(COLUMBUS, Ohio) - The esports industry is growing quickly, and The Ohio State University is committed to staying on the cutting edge of development, forming the most comprehensive esports program to date. The campuswide collaboration brings together academics, collegiate competition and medical research to give students as many opportunities as possible to be a part of the booming industry.
"With Ohio State being a leader in engineering, academics, research and medicine, it seems a natural fit to pull all of these together to support the esports program," said Deborah M. Grzybowski, co-director of the game studies and esports curriculum development and associate professor in The Ohio State University College of Engineering Education.
The new interdisciplinary curriculum is developed to give students diverse career opportunities in all aspects of esports. New undergraduate majors in game studies and esports will offer classes across five colleges in disciplines such as coaching, business management, marketing and game development.
A state-of-the-art arena is being built on campus by the Office of Student Life that will be home to Ohio State's esports teams. The teams will compete with other universities in a newly-formed league commissioned by the Electronic Gaming Federation. "It will include over 80 seats with computer, console and virtual reality systems, as well as a broadcast booth for students interested in shoutcasting," said Grzybowski. The arena will also be available to the entire student population to connect with other gamers in person as well as virtually, allowing them to integrate into a global community of esports gamers.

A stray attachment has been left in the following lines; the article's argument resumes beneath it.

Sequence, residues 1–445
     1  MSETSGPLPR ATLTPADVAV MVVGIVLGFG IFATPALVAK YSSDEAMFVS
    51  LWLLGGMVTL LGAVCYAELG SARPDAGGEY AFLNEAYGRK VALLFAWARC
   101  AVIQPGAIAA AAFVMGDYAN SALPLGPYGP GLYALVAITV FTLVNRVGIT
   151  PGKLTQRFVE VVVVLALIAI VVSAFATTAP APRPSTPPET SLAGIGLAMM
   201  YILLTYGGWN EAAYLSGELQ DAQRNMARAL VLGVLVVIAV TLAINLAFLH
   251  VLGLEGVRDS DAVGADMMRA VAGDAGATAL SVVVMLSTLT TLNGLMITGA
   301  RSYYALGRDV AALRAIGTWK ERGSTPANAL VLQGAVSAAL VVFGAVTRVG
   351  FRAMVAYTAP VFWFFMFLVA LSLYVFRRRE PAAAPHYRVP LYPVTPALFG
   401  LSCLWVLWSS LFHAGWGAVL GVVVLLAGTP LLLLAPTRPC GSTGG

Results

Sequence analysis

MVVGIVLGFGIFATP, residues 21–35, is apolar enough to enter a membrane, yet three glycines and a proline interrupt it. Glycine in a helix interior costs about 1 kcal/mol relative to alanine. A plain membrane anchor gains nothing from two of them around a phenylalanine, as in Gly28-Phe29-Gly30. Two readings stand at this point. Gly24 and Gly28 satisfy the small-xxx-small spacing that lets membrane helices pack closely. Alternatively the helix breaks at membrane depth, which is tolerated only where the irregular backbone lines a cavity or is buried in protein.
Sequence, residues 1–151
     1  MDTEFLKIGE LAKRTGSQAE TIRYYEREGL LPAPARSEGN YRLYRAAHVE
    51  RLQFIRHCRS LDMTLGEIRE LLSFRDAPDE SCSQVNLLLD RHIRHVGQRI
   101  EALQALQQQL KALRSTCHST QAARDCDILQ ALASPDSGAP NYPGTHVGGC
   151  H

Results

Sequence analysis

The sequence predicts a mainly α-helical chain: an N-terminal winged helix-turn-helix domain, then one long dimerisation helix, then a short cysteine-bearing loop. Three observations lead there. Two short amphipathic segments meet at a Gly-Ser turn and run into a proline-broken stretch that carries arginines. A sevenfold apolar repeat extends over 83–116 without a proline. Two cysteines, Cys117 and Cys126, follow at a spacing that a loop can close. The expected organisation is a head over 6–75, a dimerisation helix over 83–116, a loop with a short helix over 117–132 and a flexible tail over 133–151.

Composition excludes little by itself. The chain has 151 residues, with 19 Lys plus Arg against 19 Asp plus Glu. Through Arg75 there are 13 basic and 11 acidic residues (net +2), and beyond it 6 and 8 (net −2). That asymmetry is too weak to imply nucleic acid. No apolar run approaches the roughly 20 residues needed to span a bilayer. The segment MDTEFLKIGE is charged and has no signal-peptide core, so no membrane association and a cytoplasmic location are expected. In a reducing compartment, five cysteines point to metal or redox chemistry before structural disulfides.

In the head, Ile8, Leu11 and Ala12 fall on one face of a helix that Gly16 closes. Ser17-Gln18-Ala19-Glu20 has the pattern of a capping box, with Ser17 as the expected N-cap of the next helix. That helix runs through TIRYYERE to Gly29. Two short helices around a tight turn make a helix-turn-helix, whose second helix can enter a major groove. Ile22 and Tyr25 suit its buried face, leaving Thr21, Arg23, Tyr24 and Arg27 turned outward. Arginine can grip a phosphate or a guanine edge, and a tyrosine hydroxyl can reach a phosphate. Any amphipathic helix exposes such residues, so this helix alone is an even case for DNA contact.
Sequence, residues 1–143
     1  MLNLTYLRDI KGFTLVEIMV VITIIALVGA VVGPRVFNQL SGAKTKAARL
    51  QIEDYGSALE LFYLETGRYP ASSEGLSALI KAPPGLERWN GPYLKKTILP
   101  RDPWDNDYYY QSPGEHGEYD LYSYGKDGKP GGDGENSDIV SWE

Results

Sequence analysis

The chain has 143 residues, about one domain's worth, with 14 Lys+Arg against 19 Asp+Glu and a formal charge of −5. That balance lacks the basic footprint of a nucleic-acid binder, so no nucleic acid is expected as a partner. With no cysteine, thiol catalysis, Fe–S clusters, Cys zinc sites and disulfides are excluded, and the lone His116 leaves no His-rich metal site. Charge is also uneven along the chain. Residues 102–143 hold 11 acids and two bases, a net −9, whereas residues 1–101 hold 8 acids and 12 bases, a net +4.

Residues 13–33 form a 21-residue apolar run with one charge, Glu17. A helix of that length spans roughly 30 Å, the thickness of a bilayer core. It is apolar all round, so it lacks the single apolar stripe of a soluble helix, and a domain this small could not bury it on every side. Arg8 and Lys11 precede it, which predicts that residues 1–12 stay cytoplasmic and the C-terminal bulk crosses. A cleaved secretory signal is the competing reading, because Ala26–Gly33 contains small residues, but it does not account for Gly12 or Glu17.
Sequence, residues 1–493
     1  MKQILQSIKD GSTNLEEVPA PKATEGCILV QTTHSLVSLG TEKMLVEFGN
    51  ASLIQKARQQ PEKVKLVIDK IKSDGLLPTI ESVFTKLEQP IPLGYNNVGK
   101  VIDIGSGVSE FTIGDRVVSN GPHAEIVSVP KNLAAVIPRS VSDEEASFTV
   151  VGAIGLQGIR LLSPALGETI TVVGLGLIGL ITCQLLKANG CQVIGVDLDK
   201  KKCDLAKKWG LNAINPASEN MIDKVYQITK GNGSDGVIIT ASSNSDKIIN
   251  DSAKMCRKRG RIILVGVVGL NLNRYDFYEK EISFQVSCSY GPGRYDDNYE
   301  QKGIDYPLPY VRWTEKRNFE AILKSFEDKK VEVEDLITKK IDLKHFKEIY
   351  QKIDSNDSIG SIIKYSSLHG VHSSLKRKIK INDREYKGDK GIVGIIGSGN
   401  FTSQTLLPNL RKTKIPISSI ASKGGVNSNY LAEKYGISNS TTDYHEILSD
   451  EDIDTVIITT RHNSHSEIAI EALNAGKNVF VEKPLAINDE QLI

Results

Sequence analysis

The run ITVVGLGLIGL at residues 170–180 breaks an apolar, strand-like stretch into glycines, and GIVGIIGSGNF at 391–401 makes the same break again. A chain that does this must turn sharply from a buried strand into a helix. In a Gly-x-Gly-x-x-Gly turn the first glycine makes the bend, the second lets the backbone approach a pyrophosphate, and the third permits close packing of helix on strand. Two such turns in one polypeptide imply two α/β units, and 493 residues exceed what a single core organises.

In collaboration with the campus initiatives, researchers at The Ohio State University Wexner Medical Center are the first to study the relationships between the brains, bodies and behaviors of elite esports athletes, exploring the best ways to keep them healthy and performing their best.
"Ohio State is known for high-performance athletics, and esports plays to this strength," said James Onate, co-director of the Sports Medicine Movement Analysis and Performance Program at Ohio State Wexner Medical Center. "The methods are the same as any other sport - the skills are just different. We have a lot to learn from studying esports athletes, from their exceptional reaction times and rapid decision-making abilities to their physical attributes and health behaviors."
The results of these studies will help individuals and teams optimize and sustain high levels of performance through assessment, analysis and augmentation.
"Ohio State is already ahead of the curve in studying the connection between machine learning and human learning," Morley Stone, senior vice president for research at Ohio State, said. "This provides us with a springboard to delve deeper into the understanding of human performance in esports."
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